It’s Per­sonal

Früher sehnte man sich nach einer Reise zum Mond, heute träumt man von einem Flug in den Wel­traum. Doch bevor man nach den Ster­nen greift, sollte man erst Ord­nung auf dem eige­nen Plan­eten schaf­fen.

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Elis­a­beth Rib­bans on space tourism

In late 1969, just months af­ter the first moon land­ing, my mum took me to visit the school I would be start­ing at when I reached my fifth birthday the fol­low­ing year. I left spell­bound: not because of this brave new world of class­rooms, teach­ers or even a swim­ming pool, but because of the “space ex­pe­ri­ence” that chil­dren had cre­ated in one of the cor­ri­dors. I couldn’t be­lieve that kids not much older than me had made such a mag­i­cal replica of that cir­cle in the sky. It was only a clever use of card­board and paint, but it was enough to make me want two things very much: to go to school and to go to the moon.

The first am­bi­tion was a cer­tainty, but there’s never been a real chance I’d achieve the sec­ond one. Now, though, a child with big dreams might ex­pect to take a trip be­yond earth’s at­mos­phere. A num­ber of com­pa­nies, in­clud­ing Sir Richard Bran­son’s Vir­gin Galac­tic, Elon Musk’s Spacex and Blue Ori­gin, owned by Amazon’s Jeff Be­zos, have an­nounced plans to take tourists into space, per­haps as soon as 2019.

Prices are suit­ably astro­nom­i­cal, but ac­cord­ing to my sums*, in 1939, a re­turn ticket for a first transat­lantic pas­sen­ger flight cost nearly nine months’ salary for the av­er­age Amer­i­can. Now that it’s pos­si­ble to go from the US to the UK and back for as lit­tle as $390, less than a week’s av­er­age pay, surely space travel won’t al­ways be just for the su­per-rich.

Yet, now that this day is al­most here, I won­der if I’ve been right to wish for the stars all these years. It is claimed that space tourism will change our view of the world lit­er­ally and fig­u­ra­tively; in­spire a new gen­er­a­tion of engi­neers; cre­ate jobs; boost the econ­omy (mar­ket re­search firm Tech­navio es­ti­mates space tourism will be worth al­most $35 bil­lion by 2021); in­crease sci­en­tific knowl­edge and drive tech­no­log­i­cal in­no­va­tion.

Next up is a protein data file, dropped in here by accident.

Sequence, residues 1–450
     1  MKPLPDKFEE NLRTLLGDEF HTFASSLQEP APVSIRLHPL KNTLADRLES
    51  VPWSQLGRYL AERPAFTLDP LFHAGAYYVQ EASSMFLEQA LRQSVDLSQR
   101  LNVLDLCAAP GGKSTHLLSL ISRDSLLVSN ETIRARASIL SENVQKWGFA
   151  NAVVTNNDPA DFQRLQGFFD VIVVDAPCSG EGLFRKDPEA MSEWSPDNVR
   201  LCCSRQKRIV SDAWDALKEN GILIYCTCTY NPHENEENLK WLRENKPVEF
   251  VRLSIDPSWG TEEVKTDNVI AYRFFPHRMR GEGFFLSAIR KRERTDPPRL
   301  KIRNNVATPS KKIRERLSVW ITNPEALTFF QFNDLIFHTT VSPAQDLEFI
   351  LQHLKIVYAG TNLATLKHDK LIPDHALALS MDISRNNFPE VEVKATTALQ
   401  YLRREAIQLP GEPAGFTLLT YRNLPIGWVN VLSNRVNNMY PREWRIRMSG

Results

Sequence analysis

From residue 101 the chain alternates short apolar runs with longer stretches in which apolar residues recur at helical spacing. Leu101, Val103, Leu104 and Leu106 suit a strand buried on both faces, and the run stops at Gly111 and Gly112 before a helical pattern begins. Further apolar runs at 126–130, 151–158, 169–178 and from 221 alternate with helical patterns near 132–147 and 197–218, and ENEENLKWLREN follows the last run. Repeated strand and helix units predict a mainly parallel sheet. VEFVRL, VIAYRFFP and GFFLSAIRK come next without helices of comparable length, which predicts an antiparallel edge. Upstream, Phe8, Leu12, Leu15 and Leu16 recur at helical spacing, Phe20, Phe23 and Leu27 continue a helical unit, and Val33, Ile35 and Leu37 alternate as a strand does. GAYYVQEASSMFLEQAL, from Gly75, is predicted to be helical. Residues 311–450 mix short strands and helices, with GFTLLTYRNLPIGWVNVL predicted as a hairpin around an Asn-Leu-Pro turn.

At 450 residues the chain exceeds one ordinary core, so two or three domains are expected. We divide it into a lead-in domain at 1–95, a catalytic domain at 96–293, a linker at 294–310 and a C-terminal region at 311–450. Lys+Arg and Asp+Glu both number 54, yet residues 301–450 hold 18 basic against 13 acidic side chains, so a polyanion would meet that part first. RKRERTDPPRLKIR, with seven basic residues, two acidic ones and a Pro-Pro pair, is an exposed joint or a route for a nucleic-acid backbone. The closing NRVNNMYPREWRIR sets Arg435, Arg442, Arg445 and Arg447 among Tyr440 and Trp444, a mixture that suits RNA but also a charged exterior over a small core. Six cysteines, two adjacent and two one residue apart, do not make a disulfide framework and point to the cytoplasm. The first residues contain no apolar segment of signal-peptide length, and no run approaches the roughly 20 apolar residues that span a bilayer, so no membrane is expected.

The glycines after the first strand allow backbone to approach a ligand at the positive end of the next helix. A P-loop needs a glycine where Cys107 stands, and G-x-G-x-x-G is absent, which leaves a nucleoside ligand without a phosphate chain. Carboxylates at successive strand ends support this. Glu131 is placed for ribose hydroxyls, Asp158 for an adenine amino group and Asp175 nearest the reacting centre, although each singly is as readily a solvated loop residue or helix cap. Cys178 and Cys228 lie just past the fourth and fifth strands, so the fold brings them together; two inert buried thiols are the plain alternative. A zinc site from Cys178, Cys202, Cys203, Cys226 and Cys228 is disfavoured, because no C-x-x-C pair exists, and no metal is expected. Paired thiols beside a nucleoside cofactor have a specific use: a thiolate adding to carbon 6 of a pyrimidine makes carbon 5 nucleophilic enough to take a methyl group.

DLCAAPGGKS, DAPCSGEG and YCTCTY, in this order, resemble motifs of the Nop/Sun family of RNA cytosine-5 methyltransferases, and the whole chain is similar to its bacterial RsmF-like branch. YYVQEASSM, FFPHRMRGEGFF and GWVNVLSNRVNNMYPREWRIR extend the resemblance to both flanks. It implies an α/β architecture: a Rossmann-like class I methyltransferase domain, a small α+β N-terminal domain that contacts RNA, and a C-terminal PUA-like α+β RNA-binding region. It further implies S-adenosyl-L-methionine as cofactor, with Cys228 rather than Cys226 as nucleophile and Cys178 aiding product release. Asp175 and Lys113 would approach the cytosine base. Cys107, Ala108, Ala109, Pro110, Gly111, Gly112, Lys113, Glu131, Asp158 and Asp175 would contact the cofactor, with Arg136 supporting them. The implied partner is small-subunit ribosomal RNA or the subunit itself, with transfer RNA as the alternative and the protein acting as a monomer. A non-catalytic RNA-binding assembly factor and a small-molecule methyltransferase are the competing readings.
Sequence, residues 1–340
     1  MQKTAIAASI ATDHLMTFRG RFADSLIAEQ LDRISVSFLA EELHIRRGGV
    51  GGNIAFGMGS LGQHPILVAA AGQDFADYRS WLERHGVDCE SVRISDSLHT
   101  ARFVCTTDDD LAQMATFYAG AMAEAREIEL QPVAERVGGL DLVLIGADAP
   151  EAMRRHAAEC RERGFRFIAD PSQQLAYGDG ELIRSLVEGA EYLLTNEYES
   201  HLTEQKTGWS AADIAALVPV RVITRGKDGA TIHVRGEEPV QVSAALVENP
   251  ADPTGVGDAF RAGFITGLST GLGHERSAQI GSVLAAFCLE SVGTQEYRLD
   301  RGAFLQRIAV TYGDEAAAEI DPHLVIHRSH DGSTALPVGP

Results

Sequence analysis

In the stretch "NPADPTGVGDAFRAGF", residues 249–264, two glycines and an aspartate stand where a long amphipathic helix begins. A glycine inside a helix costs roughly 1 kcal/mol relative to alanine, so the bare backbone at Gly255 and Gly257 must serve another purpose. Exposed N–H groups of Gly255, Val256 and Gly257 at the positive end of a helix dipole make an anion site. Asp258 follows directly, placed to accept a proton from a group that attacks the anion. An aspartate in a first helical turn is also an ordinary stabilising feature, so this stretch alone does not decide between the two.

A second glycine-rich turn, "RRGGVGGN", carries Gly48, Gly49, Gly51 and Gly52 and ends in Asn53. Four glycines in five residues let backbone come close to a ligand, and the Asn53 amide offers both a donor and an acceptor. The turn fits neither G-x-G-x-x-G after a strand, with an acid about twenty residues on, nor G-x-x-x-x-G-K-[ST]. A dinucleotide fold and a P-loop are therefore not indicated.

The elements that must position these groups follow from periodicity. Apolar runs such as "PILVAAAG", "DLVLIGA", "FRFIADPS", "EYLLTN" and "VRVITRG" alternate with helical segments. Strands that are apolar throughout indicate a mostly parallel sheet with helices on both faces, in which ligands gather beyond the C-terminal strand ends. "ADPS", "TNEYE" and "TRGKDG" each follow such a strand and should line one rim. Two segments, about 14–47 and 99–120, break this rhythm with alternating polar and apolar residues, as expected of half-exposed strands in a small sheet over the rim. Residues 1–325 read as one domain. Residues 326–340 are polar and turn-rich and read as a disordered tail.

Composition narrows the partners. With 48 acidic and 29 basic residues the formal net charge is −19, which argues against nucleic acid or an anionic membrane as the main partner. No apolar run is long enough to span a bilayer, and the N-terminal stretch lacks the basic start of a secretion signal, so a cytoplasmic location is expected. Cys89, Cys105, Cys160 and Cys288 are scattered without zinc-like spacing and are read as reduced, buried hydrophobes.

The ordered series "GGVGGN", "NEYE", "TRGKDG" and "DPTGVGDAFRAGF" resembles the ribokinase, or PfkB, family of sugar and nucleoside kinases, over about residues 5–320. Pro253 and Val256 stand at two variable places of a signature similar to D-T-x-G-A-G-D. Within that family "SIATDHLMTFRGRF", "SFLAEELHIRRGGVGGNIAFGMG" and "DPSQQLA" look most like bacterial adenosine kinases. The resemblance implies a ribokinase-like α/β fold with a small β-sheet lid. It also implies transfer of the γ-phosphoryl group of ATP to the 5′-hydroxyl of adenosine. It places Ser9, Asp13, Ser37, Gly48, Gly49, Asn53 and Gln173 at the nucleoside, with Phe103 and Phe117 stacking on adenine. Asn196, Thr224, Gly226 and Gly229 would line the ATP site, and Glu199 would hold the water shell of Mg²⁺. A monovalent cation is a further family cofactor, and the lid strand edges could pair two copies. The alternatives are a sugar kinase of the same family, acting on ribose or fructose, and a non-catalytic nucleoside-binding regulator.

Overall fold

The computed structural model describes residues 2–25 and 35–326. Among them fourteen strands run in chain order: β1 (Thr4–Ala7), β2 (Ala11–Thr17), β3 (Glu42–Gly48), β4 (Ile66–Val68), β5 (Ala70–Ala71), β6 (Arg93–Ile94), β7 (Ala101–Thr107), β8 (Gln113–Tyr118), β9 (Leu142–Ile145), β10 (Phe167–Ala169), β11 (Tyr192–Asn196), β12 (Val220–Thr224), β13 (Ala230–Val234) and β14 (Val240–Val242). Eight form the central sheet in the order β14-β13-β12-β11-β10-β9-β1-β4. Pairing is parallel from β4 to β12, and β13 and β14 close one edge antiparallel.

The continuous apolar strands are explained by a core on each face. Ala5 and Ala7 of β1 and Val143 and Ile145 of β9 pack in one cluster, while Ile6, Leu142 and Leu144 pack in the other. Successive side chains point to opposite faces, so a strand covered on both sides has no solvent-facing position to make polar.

Nev­er­the­less, warn­ings are being made of the po­ten­tial dan­gers to the ozone layer and earth’s cli­mate from a rushed in­crease in rocket emis­sions. Ear­lier this year, a re­port by sci­en­tists at the Aero­space Cor­po­ra­tion, a US non-profit, called for fur­ther re­search be­fore we reach a tip­ping point.

We’ve al­ready filled the air with green­house gases and the streets with pol­lu­tion; we’ve filled the seas with deadly plas­tics and half the pop­u­la­tion with too much food. The idea of cir­cling the moon for fun or mov­ing to Mars because we’ve ex­hausted this planet seems in­creas­ingly dis­taste­ful.

Space travel should be a treat and, as any five-yearold knows, treats must be earned. When we’ve ti­died up down here, then maybe the count­down for up there can be­gin.

*1939: air­line ticket = $675 (New York to Southamp­ton re­turn with Panam), against a me­dian US salary of $956 (fig­ure for 1940) 2018: $390 (Birm­ing­ham to New York re­turn with Primer­aair), against a $31,100 me­dian US salary (fig­ure for 2016) Source: United States Cen­sus Bureau (www.cen­

ELIS­A­BETH RIB­BANS is a Bri­tish jour­nal­ist and edi­to­rial con­sul­tant. She is also a for­mer man­ag­ing edi­tor of TheGuardian in Lon­don.

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